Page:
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August 5, 2016

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Android Security Bulletin: A Year of Patches

One year into Google’s monthly patching for Android, the August 2016 bulletin contains 103 patches, just short of the high of 108 from last month. This makes a total of 373 vulnerabilities reported via the monthly Android security bulletin for 2016 and a total of 454 since Google started publicly publishing these monthly reports a year ago.The vulnerabilities fixed this month span the entire range of attacks from critical remote code execution to moderate information disclosures and denial of service attacks. The bulletin also outlines two separate patch-levels to allow partners to fix a subset of issues that are “similar across all Android devices.” From Google:

  • 2016-08-01: Partial security patch level string. This security patch level string indicates that all issues associated with 2016-08-01 (and all previous security patch level strings) are addressed.
  • 2016-08-05: Complete security patch level string. This security patch level string indicates that all issues associated with 2016-08-01 and 2016-08-05 (and all previous security patch level strings) are addressed.

Mediaserver remote code execution

Google is not through patching its Mediaserver code one year since theinitial Stagefright disclosures. In this month’s Android Security Bulletin, the company revealed more critical remote code execution vulnerabilities impacting the server known for the 2015 Stagefright vulnerabilities.

This month Google once again patched remote code execution vulnerabilities — specifically, three critical ones — in the Android mediaserver code. In fact, the company listed 12 different CVEs for mediaserver-specific vulnerabilities, 11 of which were deemed either critical or high.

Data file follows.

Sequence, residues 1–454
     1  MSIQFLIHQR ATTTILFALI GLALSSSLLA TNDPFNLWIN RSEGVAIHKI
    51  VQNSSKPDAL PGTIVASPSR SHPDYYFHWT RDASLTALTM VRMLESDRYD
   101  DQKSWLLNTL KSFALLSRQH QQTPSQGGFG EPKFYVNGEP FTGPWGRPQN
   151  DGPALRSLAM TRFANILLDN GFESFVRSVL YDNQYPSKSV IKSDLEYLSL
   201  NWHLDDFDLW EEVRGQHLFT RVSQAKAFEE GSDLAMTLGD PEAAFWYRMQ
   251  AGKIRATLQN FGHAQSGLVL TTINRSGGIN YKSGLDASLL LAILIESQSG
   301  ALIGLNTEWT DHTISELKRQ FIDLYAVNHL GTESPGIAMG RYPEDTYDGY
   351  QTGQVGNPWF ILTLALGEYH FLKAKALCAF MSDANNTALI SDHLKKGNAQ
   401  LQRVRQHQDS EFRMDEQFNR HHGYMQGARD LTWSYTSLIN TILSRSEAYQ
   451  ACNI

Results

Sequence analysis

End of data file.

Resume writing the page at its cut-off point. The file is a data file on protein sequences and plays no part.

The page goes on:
Other than the remote code execution, which could allow an attacker to take over the device, Google patched four vulnerabilities that would have enabled attackers to execute privilege escalation attacks against the device and four that would have allowed attackers to executive distributed denial-of-service attacks against the media server.

Patches and components

We’ve also again seen a noteworthy amount of vendor-specific component patches largely in Qualcomm components, but also a few in NVIDIA, LG, and MediaTek. Most of these patches are in the second patch set for August 5, 2016.

Additionally, few older vulnerabilities from as far back as 2012, specifically a vulnerability in the kernel file system that could “enable a local malicious application to execute arbitrary code within the context of the kernel” were patched. There are also approximately 41 percent of the patches this month coming from CVEs dated in 2014 that with the exception of two patches all directly affect Qualcomm components.

This is Android’s second highest month for vulnerability patches. Sixty-three percent of the issues fixed this month could result in an elevation of privileges, which is exactly the type of behavior malware looks to exploit so that it can gain permanence and access to your device and its data more easily.

It is extremely important to keep your device up to date with the latest version of Android and also check for malicious applications that may seek to exploit these vulnerabilities. You can check what security patch level your device is by following Google’s instructions. You are only patched against all of these vulnerabilities if your device reports the August 5, 2016 security patch level as shown in the screenshot below.

August 2016 Vulnerability Stats

103 vulnerabilities:

  • 45.63% are critical
  • 40.78% are high
  • 13.59% are moderate
  • 5.83% are Remote Code Execution Vulnerabilities
  • 63.11% are Elevation of Privilege Vulnerabilities
  • 7.77% are Denial of Service Vulnerabilities
  • 20.39% are Information Disclosures Vulnerabilities        
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